doi:10.1371/journal.pgen.0020175
PMCID: PMC1617130  PMID: 17054399
22.  Rab27A and its effector MyRIP link secretory granules to F-actin and control their motion towards release sites 
The Journal of Cell Biology  2003;163(3):559-570.
The GTPase Rab27A interacts with myosin-VIIa and myosin-Va via MyRIP or melanophilin and mediates melanosome binding to actin. Here we show that Rab27A and MyRIP are associated with secretory granules (SGs) in adrenal chromaffin cells and PC12 cells. Overexpression of Rab27A, GTPase-deficient Rab27A-Q78L, or MyRIP reduced secretory responses of PC12 cells. Amperometric recordings of single adrenal chromaffin cells revealed that Rab27A-Q78L and MyRIP reduced the sustained component of release. Moreover, these effects on secretion were partly suppressed by the actin-depolymerizing drug latrunculin but strengthened by jasplakinolide, which stabilizes the actin cortex. Finally, MyRIP and Rab27A-Q78L restricted the motion of SGs in the subplasmalemmal region of PC12 cells, as measured by evanescent-wave fluorescence microscopy. In contrast, the Rab27A-binding domain of MyRIP and a MyRIP construct that interacts with myosin-Va but not with actin increased the mobility of SGs. We propose that Rab27A and MyRIP link SGs to F-actin and control their motion toward release sites through the actin cortex.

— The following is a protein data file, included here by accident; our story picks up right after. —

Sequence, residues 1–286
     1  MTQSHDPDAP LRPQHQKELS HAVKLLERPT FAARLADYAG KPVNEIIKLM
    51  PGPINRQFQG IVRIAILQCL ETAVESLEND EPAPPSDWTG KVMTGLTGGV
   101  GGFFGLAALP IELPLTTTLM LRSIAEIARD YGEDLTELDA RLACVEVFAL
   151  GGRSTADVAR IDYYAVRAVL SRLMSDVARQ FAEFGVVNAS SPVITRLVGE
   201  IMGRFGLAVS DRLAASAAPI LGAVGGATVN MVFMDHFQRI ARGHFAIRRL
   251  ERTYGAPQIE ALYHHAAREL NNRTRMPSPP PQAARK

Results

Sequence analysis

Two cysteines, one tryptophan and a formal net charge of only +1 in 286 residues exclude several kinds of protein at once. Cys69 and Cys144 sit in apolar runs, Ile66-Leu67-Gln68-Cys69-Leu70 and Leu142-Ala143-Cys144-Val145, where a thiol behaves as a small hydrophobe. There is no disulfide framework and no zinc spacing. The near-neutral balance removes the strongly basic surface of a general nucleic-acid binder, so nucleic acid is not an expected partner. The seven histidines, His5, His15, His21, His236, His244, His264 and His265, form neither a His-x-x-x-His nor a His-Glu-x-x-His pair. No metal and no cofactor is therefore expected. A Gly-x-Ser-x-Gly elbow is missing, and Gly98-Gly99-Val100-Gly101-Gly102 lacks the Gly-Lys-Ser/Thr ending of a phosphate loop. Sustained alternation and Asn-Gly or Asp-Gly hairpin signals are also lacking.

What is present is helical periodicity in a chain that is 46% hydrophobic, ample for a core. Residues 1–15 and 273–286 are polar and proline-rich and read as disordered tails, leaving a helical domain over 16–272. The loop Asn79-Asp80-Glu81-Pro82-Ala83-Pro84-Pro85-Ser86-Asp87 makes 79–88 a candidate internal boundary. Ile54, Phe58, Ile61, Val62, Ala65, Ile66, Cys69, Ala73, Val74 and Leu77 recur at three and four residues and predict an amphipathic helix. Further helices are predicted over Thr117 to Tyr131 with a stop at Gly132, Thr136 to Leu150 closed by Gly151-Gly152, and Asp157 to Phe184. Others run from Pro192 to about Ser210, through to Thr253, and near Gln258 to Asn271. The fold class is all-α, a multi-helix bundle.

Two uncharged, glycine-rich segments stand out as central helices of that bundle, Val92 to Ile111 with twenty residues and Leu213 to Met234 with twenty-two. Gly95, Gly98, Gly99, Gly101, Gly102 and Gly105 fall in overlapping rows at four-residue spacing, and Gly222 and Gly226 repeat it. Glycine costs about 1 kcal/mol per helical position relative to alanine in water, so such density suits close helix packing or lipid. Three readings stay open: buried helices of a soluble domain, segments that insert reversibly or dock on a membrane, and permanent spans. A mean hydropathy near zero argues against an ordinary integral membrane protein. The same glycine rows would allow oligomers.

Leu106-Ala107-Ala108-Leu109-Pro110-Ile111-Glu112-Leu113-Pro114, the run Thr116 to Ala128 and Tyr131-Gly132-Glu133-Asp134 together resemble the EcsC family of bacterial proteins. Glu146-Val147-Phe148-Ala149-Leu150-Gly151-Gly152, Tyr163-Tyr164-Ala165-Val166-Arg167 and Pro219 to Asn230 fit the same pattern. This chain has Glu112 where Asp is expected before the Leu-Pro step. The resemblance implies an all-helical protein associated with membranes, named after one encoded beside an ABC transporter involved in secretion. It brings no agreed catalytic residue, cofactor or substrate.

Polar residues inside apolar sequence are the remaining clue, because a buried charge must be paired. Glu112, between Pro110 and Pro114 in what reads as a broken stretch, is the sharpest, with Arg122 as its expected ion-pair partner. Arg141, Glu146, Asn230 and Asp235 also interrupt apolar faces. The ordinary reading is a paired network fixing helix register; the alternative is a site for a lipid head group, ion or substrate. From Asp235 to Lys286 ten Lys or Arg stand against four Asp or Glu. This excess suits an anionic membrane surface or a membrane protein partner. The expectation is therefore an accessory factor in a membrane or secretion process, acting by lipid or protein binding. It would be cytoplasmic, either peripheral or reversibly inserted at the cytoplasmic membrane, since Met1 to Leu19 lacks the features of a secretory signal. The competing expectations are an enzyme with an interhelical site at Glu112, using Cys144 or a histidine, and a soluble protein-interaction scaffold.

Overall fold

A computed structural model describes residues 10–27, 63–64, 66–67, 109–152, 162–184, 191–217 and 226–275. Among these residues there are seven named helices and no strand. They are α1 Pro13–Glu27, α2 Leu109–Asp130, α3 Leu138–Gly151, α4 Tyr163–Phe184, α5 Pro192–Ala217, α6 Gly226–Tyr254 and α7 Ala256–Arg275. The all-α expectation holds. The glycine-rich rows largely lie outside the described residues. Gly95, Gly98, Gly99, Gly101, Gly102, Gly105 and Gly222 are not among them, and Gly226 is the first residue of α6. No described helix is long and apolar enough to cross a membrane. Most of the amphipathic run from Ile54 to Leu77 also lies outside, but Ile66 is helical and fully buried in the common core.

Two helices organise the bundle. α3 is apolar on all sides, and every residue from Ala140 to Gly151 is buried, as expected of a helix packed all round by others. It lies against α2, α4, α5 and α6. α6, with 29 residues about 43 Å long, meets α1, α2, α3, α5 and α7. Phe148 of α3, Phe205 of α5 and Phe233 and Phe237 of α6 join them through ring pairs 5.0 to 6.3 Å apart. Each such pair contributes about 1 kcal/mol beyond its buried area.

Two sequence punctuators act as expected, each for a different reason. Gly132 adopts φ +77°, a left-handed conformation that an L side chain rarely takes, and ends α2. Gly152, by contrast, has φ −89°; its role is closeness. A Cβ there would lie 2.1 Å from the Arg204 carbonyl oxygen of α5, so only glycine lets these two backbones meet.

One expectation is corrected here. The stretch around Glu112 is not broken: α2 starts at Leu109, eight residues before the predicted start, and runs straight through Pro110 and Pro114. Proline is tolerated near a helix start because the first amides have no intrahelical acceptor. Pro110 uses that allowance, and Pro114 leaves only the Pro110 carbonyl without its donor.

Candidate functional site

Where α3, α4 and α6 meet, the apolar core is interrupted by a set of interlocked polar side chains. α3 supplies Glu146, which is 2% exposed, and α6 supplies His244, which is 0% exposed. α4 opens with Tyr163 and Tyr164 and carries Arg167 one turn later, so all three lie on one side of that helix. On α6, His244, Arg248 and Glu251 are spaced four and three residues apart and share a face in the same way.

doi:10.1083/jcb.200302157
PMCID: PMC2173641  PMID: 14610058
Rab27A; MyRIP; exocytosis; actin; neuroendocrine cell
23.  Involvement of the Rab27 Binding Protein Slac2c/MyRIP in Insulin Exocytosis 
Molecular Biology of the Cell  2003;14(10):4103-4113.